Scratching beneath the surface of any country’s cuisine can easily trigger a process of cultural excavation that reveals the cross-cultural influences and inspirations manifested in traditional dishes. Spain is a good example: the tortilla (potato-based omelet) only appeared after the potatoes were discovered by the Spaniards in the Americas, while the famous paella has rice as its main ingredient (the cultivation of which was introduced to the Iberian Peninsula by the Arabs).
Speaking of the Arab influence in Spanish gastronomy, it is enough to check the Spanish words for several agricultural products and food elements:
Aceite (Oil) الزيت
Aceituna (Olive) الزيتونة
Albahaca (Basil) الحبق
Alcachofa (Artichoke) الخرشوف – أرضي شوكي
Arroz (Rice) الأرز
Azafran (Saffron) الزعفران
Azúcar (Sugar) السكر
Alubia (Beans) اللوبيا
Bellota (Acorn) ثمار البلوط
Berenjena (Eggplant) باذنجان
Naranja (Orange) نارنج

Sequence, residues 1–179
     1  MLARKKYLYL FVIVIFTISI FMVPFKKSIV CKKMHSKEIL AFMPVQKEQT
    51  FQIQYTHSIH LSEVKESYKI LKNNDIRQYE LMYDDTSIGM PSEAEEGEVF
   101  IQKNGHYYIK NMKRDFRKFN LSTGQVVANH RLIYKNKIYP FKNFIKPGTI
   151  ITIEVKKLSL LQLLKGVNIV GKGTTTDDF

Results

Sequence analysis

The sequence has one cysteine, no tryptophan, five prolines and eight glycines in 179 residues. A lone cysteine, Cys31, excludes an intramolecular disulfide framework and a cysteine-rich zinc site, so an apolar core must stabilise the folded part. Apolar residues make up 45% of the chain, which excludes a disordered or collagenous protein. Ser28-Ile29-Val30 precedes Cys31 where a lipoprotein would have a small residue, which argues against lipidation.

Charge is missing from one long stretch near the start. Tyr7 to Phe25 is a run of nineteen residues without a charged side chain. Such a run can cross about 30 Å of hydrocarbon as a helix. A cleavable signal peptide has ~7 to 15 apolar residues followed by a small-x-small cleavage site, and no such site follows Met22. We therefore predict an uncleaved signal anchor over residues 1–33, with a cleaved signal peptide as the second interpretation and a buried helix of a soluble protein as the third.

These are just some examples, but the list goes on. The ‘imprint’ is specifically clear in desserts (the use of almonds, honey and ‘jarabe’ or syrup, from the Arabic ‘sharab’). In other cases, the Arabic word took some funny ‘detours’, and ended up referring to something else. This is the case with Albaricoque (Apricot) which comes from the Arabic word البرقوقة; meaning plum! The same goes for Albóndiga (Meatball) which comes from the Arabic word البندقة; meaning hazelnut.
If we move to yet another typical dish, like rabbits, we come across yet another story, much older:
One of the etymological explanations for the country’s old name (Hispania) is the Phoenician name ‘i-spn-ya’, which means the coast of the rabbits. Probably it was the first thing seen by the seafaring Phoenician navigators –who would later build Cadiz- when they first approached the Iberian coast.
Eat well, and think culture.